Tonight's Sky
Sun
Sun
Moon
Moon
Mercury
Mercury
Venus
Venus
Mars
Mars
Jupiter
Jupiter
Saturn
Saturn

Tonight's Sky — Change location

OR

Searching...

Tonight's Sky — Select location

Tonight's Sky — Enter coordinates

° '
° '

Cassini spies bright Venus from Saturn orbit

The spacecraft had the chance to look in the direction of the Sun and Venus the past few months.
RELATED TOPICS: SOLAR SYSTEM | VENUS | SATURN | CASSINI
Saturn-and-Venus
Peering over the shoulder of giant Saturn, through its rings, and across interplanetary space, NASA's Cassini spacecraft spies the bright, cloudy terrestrial planet, Venus. // NASA/JPL-Caltech/Space Science Institute
A distant world gleaming in sunlight, Earth's twin planet, Venus, shines like a bright beacon in images taken by NASA's Cassini spacecraft in orbit around Saturn.
 
One special image of Venus and Saturn was taken last November when Cassini was placed in the shadow of Saturn. This allowed Cassini to look in the direction of the Sun and Venus and take a backlit image of Saturn and its rings in a particular viewing geometry called "high solar phase." This observing position reveals details about the rings and Saturn's atmosphere that cannot be seen in lower solar phase.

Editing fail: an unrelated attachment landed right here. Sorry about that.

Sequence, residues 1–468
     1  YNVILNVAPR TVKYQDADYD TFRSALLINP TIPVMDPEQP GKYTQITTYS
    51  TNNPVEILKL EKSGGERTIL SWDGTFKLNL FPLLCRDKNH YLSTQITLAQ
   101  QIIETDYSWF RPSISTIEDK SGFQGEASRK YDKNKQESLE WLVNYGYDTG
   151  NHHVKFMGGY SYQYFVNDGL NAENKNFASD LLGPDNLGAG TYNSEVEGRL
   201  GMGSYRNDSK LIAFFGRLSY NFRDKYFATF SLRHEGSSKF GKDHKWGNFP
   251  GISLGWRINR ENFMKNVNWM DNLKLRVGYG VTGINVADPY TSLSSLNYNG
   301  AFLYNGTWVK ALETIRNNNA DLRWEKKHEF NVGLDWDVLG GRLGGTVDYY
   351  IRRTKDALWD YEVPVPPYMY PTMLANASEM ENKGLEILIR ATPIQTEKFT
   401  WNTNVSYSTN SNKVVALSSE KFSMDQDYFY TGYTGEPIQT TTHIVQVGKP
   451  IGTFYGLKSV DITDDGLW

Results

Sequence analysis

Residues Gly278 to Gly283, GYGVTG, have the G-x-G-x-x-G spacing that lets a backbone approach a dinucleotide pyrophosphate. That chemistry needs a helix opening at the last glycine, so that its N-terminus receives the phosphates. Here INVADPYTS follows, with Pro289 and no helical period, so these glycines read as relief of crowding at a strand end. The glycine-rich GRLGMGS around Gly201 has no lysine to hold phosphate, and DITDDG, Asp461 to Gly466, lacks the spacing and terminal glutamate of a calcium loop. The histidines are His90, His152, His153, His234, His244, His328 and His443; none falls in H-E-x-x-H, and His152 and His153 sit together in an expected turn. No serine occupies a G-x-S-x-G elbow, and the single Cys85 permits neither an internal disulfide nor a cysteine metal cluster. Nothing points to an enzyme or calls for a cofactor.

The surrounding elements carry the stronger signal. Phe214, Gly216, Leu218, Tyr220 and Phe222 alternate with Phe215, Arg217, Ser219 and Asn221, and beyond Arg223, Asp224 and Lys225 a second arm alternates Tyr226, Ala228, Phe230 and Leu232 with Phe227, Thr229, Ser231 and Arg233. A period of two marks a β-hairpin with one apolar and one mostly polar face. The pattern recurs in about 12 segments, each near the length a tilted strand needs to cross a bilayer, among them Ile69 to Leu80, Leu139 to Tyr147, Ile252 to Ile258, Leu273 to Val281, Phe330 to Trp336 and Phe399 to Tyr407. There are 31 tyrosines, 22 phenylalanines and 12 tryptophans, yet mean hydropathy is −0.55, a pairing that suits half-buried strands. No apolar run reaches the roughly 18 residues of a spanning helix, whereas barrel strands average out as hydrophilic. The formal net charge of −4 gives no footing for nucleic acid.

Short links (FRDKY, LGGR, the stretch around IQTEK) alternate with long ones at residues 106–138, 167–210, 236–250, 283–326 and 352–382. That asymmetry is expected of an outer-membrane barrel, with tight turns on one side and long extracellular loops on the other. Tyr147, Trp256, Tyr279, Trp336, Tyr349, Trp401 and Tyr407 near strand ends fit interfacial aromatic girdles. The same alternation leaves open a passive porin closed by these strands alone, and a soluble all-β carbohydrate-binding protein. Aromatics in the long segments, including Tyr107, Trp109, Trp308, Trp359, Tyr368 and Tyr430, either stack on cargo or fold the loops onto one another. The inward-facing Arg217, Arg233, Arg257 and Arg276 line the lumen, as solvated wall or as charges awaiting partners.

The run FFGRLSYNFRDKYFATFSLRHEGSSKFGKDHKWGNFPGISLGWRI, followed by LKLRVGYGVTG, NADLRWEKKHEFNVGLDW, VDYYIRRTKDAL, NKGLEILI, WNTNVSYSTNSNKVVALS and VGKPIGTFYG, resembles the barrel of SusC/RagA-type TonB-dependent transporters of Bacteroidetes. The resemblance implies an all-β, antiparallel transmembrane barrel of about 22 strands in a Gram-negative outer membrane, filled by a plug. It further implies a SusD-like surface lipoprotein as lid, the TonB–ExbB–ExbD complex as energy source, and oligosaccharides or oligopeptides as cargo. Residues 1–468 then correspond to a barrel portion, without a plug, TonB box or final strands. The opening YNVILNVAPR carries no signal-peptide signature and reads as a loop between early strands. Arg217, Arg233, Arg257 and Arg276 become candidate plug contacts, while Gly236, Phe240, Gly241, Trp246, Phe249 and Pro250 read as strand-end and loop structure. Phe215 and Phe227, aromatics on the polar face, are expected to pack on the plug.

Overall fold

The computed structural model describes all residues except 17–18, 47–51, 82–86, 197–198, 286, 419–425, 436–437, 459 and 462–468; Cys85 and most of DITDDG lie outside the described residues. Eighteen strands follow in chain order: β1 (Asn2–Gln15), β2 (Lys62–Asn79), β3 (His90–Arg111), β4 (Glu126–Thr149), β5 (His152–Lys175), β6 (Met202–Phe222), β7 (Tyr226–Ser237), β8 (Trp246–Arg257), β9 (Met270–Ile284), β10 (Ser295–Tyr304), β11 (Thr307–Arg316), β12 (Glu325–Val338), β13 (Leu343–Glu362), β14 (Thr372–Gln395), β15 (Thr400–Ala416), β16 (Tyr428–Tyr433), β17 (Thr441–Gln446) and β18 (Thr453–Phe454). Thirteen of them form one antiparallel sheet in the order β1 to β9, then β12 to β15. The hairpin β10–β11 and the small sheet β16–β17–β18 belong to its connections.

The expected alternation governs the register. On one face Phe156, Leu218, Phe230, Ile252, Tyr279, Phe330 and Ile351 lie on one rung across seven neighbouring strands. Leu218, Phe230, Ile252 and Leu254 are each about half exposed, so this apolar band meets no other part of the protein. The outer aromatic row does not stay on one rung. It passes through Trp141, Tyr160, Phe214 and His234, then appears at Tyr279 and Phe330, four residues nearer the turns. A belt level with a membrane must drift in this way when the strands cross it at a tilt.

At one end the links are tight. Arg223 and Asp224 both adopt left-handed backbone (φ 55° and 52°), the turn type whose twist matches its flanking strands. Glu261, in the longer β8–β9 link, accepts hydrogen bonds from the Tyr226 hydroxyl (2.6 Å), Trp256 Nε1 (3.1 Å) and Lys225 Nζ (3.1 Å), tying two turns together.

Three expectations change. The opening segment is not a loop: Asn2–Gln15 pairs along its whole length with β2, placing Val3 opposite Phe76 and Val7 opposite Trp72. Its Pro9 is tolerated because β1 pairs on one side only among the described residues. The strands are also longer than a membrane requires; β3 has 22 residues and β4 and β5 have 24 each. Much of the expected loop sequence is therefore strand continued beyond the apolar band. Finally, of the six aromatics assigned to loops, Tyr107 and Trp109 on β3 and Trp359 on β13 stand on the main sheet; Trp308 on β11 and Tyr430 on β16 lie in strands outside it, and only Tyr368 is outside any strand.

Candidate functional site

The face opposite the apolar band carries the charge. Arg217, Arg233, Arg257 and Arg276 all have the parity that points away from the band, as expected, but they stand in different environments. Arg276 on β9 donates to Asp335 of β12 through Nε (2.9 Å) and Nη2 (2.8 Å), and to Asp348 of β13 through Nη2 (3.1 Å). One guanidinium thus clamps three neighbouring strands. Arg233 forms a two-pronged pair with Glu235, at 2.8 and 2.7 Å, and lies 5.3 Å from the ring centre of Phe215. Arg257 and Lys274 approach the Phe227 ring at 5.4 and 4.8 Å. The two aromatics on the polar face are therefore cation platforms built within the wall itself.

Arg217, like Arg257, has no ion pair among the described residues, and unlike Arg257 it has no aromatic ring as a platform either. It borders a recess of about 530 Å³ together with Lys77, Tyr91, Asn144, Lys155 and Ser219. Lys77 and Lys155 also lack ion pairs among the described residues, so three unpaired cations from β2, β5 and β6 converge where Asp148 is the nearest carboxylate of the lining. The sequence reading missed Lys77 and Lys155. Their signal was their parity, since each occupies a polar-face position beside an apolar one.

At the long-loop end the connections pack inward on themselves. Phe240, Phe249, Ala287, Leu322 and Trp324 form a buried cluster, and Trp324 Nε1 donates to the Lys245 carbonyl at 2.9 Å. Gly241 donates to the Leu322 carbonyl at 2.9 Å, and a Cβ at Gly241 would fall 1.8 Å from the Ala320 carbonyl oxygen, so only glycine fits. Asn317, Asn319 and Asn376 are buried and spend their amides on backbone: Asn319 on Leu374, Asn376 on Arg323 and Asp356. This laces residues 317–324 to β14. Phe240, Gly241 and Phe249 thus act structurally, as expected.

One of the Venus and Saturn images being released today is a combination of separate red, green, and blue images covering the planet and main rings and processed to produce true color. Last December, a false-color version of the mosaic was released.
Venus
Dawn on Saturn is greeted across the vastness of interplanetary space by the morning star, Venus, in this image from NASA's Cassini spacecraft. // NASA/JPL-Caltech/Space Science Institute
Another image, taken in January, captures Venus just beyond the limb of Saturn and in close proximity to Saturn's G ring, a thin ring just beyond the main Saturnian rings. The diffuse E ring, which is outside the G ring and created by the spray of the moon Enceladus, also is visible.
 
Venus, along with Mercury, Earth, and Mars, is one of the rocky "terrestrial" planets in the solar system that orbits relatively close to the Sun. Though Venus has an atmosphere of carbon dioxide that reaches nearly 900° Fahrenheit (500° Celsius) and a surface pressure 100 times that of Earth's, it is considered a twin to our planet because of their similar sizes, masses, rocky compositions, and close orbits. It is covered in thick sulfuric acid clouds, making it very bright.
0

JOIN THE DISCUSSION

Read and share your comments on this article
Comment on this article
Want to leave a comment?
Only registered members of Astronomy.com are allowed to comment on this article. Registration is FREE and only takes a couple minutes.

Login or Register now.
0 comments
ADVERTISEMENT

FREE EMAIL NEWSLETTER

Receive news, sky-event information, observing tips, and more from Astronomy's weekly email newsletter.

ADVERTISEMENT
ADVERTISEMENT
BoxProductcovernov

Click here to receive a FREE e-Guide exclusively from Astronomy magazine.

Find us on Facebook

Loading...